The First ‘Popeye’ Movie Made Robin Williams Miserable

‘Oh, God, when is it going to be over?’
The First ‘Popeye’ Movie Made Robin Williams Miserable

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Variety announced this week that a new, live-action Popeye movie is in the works, with screenwriter Michael Caleo bringing some of his Sexy Beast and Sopranos sensibilities. It will be the first big-screen Popeye movie since the 1980 version that starred Robin Williams in his first leading role. It was also a part that made Williams freaking miserable.

It coulda, shoulda been great considering the talent attached — legendary producer Robert (The Godfather, Chinatown) Evans, director Robert (Nashville, M*A*S*H) Altman, and strangely, Dustin Hoffman as the titular sailor man. When Hoffman dropped out, Evans impulsively cast Williams, hot off of Mork and Mindy, despite his lack of movie experience.

Williams threw himself into the role, taking dance and acrobatic lessons while dreaming of success. “I thought, this is it, this is my Superman, and it’s gonna go through the fuckin’ roof!” he says in Dave Itzkoff’s biography Robin. “After the first day on Popeye, I thought, Well, maybe this isn’t it, and I finally wound up going, Oh, God, when is it going to be over?”

Everything that could go wrong did, including:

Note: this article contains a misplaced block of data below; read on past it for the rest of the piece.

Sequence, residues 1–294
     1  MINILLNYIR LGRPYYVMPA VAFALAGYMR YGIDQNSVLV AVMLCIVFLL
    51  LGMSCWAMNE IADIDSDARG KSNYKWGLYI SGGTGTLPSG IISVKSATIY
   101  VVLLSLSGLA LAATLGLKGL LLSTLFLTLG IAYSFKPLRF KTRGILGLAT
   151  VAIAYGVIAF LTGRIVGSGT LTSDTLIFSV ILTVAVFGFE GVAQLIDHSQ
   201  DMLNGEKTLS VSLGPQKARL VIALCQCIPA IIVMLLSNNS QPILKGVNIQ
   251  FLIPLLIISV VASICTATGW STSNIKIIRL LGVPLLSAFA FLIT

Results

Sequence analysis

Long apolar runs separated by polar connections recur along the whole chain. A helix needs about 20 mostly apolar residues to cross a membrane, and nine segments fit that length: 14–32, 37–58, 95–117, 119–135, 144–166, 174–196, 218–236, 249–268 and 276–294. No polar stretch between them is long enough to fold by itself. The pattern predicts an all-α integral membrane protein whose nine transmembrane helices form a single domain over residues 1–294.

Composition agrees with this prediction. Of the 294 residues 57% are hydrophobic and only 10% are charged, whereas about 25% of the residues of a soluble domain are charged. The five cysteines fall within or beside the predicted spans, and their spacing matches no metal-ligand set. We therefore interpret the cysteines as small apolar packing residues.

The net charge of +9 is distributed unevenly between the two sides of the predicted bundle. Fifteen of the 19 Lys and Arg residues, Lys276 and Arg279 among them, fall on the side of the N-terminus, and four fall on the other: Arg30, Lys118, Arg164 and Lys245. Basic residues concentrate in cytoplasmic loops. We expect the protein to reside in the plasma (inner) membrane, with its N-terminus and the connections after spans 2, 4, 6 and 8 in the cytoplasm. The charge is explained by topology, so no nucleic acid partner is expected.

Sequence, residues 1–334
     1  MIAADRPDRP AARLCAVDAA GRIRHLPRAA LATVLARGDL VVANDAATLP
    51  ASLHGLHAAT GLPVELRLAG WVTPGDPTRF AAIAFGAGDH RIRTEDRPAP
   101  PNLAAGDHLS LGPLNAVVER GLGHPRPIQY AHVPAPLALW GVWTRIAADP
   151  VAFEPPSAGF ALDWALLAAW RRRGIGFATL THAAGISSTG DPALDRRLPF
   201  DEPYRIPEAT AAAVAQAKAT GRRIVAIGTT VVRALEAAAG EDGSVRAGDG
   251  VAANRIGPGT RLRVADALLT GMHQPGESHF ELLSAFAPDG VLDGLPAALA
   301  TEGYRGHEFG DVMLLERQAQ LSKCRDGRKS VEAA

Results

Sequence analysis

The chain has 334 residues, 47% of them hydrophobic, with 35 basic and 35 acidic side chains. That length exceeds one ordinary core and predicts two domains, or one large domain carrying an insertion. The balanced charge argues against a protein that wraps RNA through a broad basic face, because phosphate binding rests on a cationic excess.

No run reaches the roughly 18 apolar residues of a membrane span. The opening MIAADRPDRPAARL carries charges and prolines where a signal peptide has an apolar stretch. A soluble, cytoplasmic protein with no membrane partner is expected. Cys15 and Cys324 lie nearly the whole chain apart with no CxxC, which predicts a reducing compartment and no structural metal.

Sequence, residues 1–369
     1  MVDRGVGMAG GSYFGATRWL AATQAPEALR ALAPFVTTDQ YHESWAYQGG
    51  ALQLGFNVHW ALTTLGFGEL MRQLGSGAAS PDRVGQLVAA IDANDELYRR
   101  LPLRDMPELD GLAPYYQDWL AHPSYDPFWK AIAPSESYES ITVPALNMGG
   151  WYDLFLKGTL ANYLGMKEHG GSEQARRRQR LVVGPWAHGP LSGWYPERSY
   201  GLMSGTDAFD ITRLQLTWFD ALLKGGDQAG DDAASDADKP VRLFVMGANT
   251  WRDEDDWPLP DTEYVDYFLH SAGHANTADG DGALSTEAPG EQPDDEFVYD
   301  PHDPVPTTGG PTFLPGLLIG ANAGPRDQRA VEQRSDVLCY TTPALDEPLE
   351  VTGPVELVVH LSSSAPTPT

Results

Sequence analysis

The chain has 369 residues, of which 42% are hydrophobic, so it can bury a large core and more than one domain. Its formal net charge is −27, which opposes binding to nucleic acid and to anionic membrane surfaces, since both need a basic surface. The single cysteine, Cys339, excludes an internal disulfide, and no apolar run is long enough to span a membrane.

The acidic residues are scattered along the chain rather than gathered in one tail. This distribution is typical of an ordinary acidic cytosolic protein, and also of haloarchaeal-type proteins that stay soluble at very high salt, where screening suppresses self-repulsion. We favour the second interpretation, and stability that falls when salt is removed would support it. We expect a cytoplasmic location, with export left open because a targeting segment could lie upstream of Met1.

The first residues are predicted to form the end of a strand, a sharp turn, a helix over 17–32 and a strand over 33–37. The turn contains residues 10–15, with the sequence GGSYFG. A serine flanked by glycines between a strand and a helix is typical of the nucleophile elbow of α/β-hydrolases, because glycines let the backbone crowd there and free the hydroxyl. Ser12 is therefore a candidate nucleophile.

• Bulging prosthetic forearms that cut off Williams’ circulation;
  • Rickety sets that Williams described as “San Quentin on Valium”;
  • On-set skirmishes between Williams and Altman, who insisted on zero improvisation (presumably the reason someone would cast the comic in the first place)

Cartoonist and screenwriter Jules Feiffer was on set in Malta (until he had a fight with Altman and split), and one night he was awoken in the middle of the night by a phone call from a crew member. “Robin’s coming to beat you up. He heard you’re sleeping with Valerie, his wife.”

The groggy Feiffer couldn’t quite understand what was happening. “I was a hundred years older than everybody else there,” he said later. “That notion of me sleeping with his wife was nuts.” But he still got up and walked down to the street in his pajamas to figure out what was happening. Williams was already in the road, slowly walking toward Feiffer like a gunfighter preparing to draw his gun. Dumbfounded, Feiffer simply held out his arms and shouted, “Robin!” Instead of throwing punches, Williams hugged him. “We announced our love for each other and that was the end of the evening,” Feiffer remembered. “I know what I was on, but I don’t know what he was on. He was doing a lot of stuff.”

Production was a disaster. The movie was supposed to end with Popeye slugging it out with a giant octopus, but Altman had blown through the movie’s budget and the special effects guys abandoned ship before they could film the climax. That left Shelly Duvall’s Olive Oyl screaming for help in a pool with a non-moving, non-threatening octopus. As Williams remembered it, “At the end, it was like Ed Wood.”

With the final fight in shambles, everyone realized the movie didn’t have a workable ending. “I joked to Robert Evans, who was coked out of his tits, and I said, ‘Maybe I should walk on water,’” remembered Williams. “He said, ‘Yes!’”

Popeye made money but it wasn’t well-liked by critics or comedy fans. Some would heckle Williams about Popeye during stand-up sets, but the comic had a couple of lines to fire back at them:

“For your information, it’s playing in Hollywood on a double bill with Heaven’s Gate.” 

And “If you watch it backward, it really does have an ending.”


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